I Promise could teach the president a thing or two, it seems.

Watch James' full interview with Lemon below:

Courtesy of Verizon
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If someone were to say "video games" to you, what are the first words that come to mind? Whatever words you thought of (fun, exciting, etc.), we're willing to guess "healthy" or "mental health tool" didn't pop into your mind.

And yet… it turns out they are. Especially for Veterans.

How? Well, for one thing, video games — and virtual reality more generally — are also more accessible and less stigmatized to veterans than mental health treatment. In fact, some psychiatrists are using virtual reality systems for this reason to treat PTSD.

Secondly, video games allow people to socialize in new ways with people who share common interests and goals. And for Veterans, many of whom leave the military feeling isolated or lonely after they lose the daily camaraderie of their regiment, that socialization is critical to their mental health. It gives them a virtual group of friends to talk with, connect to, and relate to through shared goals and interests.

In addition, according to a 2018 study, since many video games simulate real-life situations they encountered during their service, it makes socialization easier since they can relate to and find common ground with other gamers while playing.

This can help ease symptoms of depression, anxiety, and even PTSD in Veterans, which affects 20% of the Veterans who have served since 9/11.

Watch here as Verizon dives into the stories of three Veteran gamers to learn how video games helped them build community, deal with trauma and have some fun.

Band of Gamers www.youtube.com

Video games have been especially beneficial to Veterans since the beginning of the pandemic when all of us — Veterans included — have been even more isolated than ever before.

And that's why Verizon launched a challenge last year, which saw $30,000 donated to four military charities.

And this year, they're going even bigger by launching a new World of Warships charity tournament in partnership with Wargaming and Wounded Warrior Project called "Verizon Warrior Series." During the tournament, gamers will be able to interact with the game's iconic ships in new and exciting ways, all while giving back.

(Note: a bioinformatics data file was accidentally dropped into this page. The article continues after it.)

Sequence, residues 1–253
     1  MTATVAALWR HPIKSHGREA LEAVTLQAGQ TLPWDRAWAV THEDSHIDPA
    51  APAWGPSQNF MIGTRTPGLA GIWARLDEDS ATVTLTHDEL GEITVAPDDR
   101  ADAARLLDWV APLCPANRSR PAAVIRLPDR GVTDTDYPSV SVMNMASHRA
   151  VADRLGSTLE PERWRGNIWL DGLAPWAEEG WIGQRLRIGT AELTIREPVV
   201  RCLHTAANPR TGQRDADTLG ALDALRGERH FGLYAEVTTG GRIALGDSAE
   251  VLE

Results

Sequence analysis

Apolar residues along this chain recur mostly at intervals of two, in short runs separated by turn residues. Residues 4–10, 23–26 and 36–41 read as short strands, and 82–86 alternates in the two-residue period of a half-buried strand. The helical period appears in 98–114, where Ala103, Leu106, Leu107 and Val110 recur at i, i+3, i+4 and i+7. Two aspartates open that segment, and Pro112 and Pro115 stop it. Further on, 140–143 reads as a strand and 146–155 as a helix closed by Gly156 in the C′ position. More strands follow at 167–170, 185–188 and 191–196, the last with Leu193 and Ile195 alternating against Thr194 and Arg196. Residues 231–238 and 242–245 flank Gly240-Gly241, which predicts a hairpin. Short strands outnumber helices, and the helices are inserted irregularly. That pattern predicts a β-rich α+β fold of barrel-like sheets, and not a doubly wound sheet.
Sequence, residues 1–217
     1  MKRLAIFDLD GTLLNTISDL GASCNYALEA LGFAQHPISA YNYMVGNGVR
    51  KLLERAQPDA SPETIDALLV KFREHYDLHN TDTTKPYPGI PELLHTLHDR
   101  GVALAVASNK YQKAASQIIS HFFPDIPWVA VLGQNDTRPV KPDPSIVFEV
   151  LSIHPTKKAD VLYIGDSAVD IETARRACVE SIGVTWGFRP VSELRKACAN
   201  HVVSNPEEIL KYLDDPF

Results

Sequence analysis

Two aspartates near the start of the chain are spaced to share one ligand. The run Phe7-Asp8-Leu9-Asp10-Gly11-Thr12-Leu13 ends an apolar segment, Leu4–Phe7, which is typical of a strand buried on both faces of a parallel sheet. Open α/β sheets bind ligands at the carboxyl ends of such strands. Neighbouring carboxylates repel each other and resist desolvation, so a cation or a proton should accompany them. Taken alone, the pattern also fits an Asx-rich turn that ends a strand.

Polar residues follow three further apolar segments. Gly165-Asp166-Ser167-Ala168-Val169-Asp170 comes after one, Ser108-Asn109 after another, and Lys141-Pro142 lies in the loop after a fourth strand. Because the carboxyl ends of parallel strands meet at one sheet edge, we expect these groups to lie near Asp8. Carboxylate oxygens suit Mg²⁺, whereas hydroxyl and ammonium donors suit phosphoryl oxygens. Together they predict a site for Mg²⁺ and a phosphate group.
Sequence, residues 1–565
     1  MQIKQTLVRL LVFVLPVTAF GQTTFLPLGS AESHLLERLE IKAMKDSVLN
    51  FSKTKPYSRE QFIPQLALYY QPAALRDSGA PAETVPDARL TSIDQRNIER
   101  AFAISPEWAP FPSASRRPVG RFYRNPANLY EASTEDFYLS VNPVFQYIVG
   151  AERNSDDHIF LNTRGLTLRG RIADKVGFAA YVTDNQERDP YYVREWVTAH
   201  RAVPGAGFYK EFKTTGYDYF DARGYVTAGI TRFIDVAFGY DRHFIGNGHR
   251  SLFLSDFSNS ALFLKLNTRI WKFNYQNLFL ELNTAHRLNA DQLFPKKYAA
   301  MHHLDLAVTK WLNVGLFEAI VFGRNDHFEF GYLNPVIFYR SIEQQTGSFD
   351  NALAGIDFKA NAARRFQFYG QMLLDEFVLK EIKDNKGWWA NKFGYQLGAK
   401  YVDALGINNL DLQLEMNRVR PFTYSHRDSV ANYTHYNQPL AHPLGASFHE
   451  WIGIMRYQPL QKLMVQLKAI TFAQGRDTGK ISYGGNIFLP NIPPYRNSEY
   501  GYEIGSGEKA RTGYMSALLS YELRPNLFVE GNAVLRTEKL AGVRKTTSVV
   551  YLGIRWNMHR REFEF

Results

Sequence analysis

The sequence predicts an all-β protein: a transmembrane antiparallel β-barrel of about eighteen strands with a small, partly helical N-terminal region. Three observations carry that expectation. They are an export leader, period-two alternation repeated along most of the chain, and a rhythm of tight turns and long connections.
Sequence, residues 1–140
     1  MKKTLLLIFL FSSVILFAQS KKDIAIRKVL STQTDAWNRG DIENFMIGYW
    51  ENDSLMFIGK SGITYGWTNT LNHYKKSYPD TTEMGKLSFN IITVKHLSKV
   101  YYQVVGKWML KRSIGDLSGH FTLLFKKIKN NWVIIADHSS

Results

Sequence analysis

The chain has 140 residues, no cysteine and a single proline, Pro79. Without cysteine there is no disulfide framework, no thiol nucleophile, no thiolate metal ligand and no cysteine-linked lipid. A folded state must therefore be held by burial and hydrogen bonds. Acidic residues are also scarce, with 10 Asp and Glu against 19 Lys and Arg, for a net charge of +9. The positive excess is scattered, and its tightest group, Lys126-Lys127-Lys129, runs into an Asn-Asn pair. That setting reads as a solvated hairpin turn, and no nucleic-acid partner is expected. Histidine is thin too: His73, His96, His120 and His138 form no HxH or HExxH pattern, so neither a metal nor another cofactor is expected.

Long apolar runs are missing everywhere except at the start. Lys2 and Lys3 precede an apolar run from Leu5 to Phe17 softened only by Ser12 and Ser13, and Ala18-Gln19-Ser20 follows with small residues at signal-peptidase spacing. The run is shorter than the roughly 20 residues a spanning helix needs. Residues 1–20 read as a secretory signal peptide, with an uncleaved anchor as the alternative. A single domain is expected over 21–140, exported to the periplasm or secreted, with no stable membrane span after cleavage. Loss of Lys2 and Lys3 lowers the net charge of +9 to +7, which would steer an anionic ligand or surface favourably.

Together with these nonprofits, the tournament will welcome teams all across the nation in order to raise money for military charities helping Veterans in need. There will be a $100,000 prize pool donated to these charities, as well as donation drives for injured Veterans at every match during the tournament to raise extra funds.

Verizon is also providing special discounts to Those Who Serve communities, including military and first responders, and they're offering a $75 in-game content military promo for World of Warships.

Tournament finals are scheduled for August 8, so be sure to tune in to the tournament and donate if you can in order to give back to Veterans in need.

Courtesy of Verizon

via @Todd_Spence / Twitter

Seven years ago, Bill Murray shared a powerful story about the importance of art. The revelation came during a discussion at the National Gallery in London for the release of 2014's "The Monuments Men." The film is about a troop of soldiers on a mission to recover art stolen by the Nazis.

After his first time performing on stage in Chicago, Murray was so upset with himself that he contemplated taking his own life.

"I wasn't very good, and I remember my first experience, I was so bad I just walked out — out onto the street and just started walking," he said.